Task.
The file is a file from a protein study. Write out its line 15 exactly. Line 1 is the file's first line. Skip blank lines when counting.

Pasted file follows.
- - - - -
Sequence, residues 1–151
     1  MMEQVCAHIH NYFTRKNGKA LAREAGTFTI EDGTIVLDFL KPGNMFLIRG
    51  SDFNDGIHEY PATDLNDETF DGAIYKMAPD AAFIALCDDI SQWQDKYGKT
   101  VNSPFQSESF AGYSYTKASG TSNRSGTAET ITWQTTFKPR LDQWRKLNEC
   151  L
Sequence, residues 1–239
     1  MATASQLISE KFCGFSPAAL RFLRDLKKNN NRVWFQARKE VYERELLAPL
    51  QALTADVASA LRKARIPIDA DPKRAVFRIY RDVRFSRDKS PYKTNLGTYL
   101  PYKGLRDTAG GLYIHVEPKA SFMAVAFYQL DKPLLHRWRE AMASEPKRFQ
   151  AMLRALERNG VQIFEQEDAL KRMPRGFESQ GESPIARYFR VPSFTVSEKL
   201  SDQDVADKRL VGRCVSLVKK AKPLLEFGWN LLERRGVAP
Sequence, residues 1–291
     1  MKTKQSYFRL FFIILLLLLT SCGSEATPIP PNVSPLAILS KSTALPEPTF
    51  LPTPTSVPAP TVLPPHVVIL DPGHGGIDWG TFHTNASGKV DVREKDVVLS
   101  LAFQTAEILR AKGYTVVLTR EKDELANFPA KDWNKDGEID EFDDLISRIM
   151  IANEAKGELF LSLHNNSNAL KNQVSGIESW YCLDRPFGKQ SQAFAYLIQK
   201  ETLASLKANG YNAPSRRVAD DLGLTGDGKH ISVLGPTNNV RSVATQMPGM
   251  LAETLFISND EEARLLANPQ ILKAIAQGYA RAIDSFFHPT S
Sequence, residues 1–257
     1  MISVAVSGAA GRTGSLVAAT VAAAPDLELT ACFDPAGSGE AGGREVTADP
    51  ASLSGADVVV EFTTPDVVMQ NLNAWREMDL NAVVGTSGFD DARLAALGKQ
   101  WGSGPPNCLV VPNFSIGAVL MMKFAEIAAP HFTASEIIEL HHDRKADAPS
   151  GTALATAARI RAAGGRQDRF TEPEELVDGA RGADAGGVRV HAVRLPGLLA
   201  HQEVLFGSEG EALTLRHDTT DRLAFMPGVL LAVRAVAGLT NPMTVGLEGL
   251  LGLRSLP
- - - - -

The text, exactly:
   101  LAFQTAEILR AKGYTVVLTR EKDELANFPA KDWNKDGEID EFDDLISRIM